Sunday, March 23, 2008

I See… an Easter Feast

Easter is for feasting, right? Not your run-of-the-mill lasagna-and-salad meal, but three types of meat, vegetables sautéed in sauces you can’t pronounce, and a day that develops so slow that you find time for several turns at the dinner table. Feasts are more satisfying when you’re hungry.

The Easter feast I’m thinking about today is a little different. This was a feast 17 years ago, when my soul hungered for a deeper testimony of the Savior and a closer connection with my Heavenly Father. It was the same hunger that tortured the yearning souls of Enos and the boy prophet Joseph Smith. In my case, I was a young father with a young wife and a young kid, and I had to make a career-defining choice. I needed to feast on the word, because, as we all know from reading Nephi’s words, “feast upon the words of Christ; for behold, the words of Christ will tell you all things what ye should do.”

I took a day off of work, grabbed my favorite bag of mint chocolate chips, a comfortable pillow and a sturdy camp blanket, and found a small patch of cleared ground enveloped by a cradle of tall trees facing a small pond a couple of miles away from home. I also left that morning with the last book of Bruce R. McConkie’s immortal six-volume “Messiah Series,” 3219 pages of raw testimony and straight doctrine on the pre-mortal, mortal, and millennial Christ. He was an apostle who spoke with more power and authority than any other non-prophet personality of my generation. Since Christmas, I had read the other five volumes throughout the day between work and ward clerk business and diaper changes with an uncommon tenacity and dedication they may have scared my wife into thinking I knew something she didn’t: was the second coming of the Savior really so close that Richard was cramming for a “final exam?”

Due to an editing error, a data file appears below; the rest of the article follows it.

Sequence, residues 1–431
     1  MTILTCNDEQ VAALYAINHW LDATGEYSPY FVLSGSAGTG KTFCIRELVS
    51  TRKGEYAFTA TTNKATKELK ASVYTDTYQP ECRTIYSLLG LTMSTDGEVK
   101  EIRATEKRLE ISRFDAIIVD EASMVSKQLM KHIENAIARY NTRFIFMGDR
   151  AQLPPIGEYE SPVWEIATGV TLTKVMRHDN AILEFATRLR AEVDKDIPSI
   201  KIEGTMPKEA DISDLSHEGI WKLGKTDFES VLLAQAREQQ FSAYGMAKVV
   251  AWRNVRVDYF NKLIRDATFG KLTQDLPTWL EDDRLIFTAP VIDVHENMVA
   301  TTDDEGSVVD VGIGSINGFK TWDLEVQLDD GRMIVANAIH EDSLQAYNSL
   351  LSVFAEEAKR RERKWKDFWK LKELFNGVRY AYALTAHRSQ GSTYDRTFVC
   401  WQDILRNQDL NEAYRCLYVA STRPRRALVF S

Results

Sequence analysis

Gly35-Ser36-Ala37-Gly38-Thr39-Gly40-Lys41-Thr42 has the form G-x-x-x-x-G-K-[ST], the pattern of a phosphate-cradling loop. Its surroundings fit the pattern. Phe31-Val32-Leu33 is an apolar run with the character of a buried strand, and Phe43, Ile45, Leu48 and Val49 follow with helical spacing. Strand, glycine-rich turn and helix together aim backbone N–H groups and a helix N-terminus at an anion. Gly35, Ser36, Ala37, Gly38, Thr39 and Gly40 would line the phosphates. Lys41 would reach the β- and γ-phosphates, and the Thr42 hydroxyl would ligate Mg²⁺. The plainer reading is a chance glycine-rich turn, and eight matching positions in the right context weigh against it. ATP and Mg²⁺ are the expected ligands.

Not hardly. It was merely a case of productive spiritual hypnotism; I was under the trance of McConkie’s moving memoirs of his lifelong love of the Living Christ, and now the almost daily late-night dates with the first five volumes was not enough; hence, my plan to read all day long in an isolated, uninterrupted setting, surrounded by God’s creations, and gorge myself on the glories of God’s love for man, the gift of His Son.

There aren’t words to describe what happened next. All I can do is explain the results. Other than an occasional gentle breeze massaging my face and small, random infusions of mint chocolate, I was consumed in racing through the last 720 pages of doctrine and testimony on the Second Coming. Other than pausing from my reading marathon every once in a while to check in with my physical senses and remind myself I was still in mortality, time and space were temporarily suspended and I was completely wrapped up in the life and love of my Savior. I came home that evening spiritually fat and satisfied that at least, for that moment, there was nothing more I could do to know Him better.
There's no need to talk about the decision I made, because it’s significance pales in comparison to the process I went through to make it. Feasting on the word of God is the most satisfying method for feeding the soul. When is the last time you lost yourself in the Savior’s love by feasting on his word?

No comments:

Post a Comment